Currency strategist expects China’s central bank to intervene as yuan weakens for seventh day
Yuan has wiped off all gains against the US dollar this year, but the currency may bounce back after US dollar loses momentum from its recent rally
The yuan extended its losses for a seventh straight session on Friday after the People’s Bank of China set the midpoint lower for a third consecutive day, but analysts expect the central bank to soon take action to stabilise the currency hit by the simmering US-China trade dispute.
The PBOC set the midpoint lower by 98 basis points, or 0.15 per cent, at 6.4804 per US dollar. The midpoint has been reduced by a combined 0.85 per cent since Wednesday, with the level now at a new five-month low.
As China does not allow the yuan to trade freely, the central bank announces a midpoint every morning for the yuan against the US dollar and other currencies, allowing it to move up or down two per cent from the midpoint during the day.
Offshore yuan dropped to 6.5155 against the US dollar in early Friday afternoon trading, down 0.32 per cent from Thursday’s close at 6.4949, taking the overall losses to 2 per cent since last Wednesday. The weak yuan was due to the traders worry about the trade war between China and US.
“During this period of escalating protectionism and rising investment tension between China and the US, the market usually reacts to bad news by causing the US dollar to appreciate against other major currencies. This will also tend to weaken the yuan against the dollar,” said Iris Pang, economist for Greater China at ING.
Pang said if the yuan keeps weakening, this could lead to capital outflows that would force the government to introduce measures to prevent this from escalating.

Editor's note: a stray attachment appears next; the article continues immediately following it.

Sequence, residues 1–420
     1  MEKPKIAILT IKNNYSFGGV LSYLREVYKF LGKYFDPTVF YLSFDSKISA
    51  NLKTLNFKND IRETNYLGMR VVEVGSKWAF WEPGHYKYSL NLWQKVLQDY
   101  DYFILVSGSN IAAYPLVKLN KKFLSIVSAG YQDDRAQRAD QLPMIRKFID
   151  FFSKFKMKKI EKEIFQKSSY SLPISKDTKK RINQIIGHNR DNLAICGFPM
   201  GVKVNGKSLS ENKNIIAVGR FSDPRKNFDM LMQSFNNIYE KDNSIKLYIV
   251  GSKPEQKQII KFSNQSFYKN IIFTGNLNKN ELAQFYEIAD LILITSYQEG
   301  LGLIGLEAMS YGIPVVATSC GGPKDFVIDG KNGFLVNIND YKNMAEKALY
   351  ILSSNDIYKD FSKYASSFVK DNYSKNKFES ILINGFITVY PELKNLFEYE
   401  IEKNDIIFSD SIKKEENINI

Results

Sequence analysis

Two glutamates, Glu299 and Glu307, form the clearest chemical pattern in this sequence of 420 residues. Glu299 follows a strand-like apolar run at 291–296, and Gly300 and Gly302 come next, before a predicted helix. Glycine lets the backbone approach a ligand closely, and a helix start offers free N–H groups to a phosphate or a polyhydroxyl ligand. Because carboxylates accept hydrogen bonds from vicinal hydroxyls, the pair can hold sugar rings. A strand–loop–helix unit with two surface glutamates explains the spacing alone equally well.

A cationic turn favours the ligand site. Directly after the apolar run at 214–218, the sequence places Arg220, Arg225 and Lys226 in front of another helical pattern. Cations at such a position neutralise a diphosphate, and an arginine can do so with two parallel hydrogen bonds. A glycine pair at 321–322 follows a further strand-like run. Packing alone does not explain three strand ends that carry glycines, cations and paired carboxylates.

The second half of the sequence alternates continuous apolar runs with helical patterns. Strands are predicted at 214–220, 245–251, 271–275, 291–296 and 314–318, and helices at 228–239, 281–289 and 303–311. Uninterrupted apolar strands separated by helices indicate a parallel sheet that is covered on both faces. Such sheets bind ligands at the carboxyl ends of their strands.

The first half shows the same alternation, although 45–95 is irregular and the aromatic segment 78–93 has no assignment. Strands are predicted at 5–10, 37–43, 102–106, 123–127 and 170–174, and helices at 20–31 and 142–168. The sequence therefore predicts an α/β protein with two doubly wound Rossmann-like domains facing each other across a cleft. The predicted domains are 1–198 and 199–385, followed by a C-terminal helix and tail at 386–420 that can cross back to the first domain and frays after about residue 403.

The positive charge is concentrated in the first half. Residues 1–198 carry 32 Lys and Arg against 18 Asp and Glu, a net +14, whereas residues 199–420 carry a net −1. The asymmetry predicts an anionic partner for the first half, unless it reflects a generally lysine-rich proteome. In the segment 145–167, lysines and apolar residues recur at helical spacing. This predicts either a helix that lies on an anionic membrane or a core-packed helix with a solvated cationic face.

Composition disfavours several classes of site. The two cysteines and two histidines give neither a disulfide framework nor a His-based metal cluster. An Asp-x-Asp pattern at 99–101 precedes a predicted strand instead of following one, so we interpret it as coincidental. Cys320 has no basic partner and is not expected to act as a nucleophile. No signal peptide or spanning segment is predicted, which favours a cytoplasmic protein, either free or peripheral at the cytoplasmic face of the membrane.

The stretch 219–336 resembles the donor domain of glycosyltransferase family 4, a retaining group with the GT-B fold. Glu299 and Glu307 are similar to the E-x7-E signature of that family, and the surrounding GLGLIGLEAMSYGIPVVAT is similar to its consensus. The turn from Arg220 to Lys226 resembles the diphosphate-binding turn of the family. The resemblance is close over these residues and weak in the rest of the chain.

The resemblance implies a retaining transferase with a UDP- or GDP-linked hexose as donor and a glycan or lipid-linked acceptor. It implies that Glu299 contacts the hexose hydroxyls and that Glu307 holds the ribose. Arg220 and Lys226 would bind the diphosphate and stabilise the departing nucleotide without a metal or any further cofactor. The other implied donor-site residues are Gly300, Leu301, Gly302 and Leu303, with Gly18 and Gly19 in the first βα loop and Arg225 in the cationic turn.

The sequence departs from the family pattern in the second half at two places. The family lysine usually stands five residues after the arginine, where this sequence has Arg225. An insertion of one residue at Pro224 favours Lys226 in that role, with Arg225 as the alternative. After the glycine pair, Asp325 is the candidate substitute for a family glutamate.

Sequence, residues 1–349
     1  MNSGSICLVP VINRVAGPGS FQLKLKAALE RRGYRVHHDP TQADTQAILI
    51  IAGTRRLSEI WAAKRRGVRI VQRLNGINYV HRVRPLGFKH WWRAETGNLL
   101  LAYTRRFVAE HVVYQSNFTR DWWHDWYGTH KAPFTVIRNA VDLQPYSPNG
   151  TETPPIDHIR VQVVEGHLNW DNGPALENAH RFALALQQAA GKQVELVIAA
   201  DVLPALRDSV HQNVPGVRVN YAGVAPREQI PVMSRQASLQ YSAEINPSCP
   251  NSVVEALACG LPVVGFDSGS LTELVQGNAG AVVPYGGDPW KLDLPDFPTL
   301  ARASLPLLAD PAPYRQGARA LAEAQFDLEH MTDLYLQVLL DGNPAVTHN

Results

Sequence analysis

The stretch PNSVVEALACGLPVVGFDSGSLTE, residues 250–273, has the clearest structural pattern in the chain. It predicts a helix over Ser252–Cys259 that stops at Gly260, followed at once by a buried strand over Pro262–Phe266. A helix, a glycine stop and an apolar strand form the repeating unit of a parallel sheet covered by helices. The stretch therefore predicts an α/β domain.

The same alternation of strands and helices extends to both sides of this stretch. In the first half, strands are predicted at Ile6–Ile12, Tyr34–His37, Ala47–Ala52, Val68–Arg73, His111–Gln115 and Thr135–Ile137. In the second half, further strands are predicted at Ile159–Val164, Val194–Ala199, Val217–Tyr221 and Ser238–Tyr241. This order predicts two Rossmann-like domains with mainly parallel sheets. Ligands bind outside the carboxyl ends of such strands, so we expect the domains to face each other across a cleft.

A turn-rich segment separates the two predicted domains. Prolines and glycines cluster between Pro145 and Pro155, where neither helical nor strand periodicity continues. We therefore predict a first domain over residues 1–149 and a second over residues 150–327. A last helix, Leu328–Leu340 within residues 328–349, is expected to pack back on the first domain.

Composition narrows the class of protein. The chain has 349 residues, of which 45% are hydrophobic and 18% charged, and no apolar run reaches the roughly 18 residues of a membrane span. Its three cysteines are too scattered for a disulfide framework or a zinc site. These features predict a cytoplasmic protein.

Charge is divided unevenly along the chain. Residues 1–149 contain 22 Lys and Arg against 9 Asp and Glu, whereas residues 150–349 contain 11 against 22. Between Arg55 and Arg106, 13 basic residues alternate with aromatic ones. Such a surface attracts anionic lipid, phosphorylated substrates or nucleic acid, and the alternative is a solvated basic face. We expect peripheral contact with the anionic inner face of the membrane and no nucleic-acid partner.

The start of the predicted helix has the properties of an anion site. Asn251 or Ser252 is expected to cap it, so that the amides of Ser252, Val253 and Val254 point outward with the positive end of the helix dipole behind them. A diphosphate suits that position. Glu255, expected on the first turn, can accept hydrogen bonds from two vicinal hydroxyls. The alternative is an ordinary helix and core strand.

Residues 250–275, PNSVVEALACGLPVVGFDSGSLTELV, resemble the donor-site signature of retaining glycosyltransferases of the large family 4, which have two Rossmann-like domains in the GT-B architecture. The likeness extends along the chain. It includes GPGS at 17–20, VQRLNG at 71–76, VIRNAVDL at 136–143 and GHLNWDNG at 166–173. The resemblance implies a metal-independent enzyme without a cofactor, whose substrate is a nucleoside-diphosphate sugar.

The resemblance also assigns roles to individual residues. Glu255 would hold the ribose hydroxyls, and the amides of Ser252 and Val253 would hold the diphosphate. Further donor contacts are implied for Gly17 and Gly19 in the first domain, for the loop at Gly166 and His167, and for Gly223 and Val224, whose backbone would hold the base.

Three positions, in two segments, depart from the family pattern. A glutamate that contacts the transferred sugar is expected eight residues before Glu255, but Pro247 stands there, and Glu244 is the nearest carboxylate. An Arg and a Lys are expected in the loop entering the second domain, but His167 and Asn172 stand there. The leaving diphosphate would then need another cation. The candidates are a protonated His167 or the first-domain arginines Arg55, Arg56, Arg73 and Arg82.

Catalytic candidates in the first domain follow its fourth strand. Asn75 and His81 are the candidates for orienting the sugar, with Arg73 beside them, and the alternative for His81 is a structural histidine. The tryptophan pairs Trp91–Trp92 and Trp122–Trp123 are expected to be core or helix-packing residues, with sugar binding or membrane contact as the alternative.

“We believe more market opening up measures to attract inflows will be unveiled in the near future. This is important to offset outflows induced by an expected weaker yuan,” said Pang.
In late afternoon trading on Thursday, the yuan fell as low as 6.5166, almost touching the year’s low of 6.5340 reached on January 9. The currency is down 4 per cent from its peak in March and has wiped out all gains this year.
The softening of the US dollar against other major currencies will help the yuan bounce back, said Jasper Lo, chief investment strategist at Eddid Securities and Futures.
“The euro bounced back 0.87 per cent against the US dollar and the pound was up 1.17 per cent. They strengthened after the Bank of England’s chief economist called for the UK to increase interest rates, while the European Central Bank also said it may also take action to stabilise the euro,” Lo said.
“Some traders believe the PBOC would like to let the yuan to weaken further to boost exports amid the trade war. However, I believe this is speculation as the PBOC would like to stabilise the yuan to prevent capital outflow. The market is now looking at whether the PBOC will make any announcement at the weekend to stabilise the yuan.”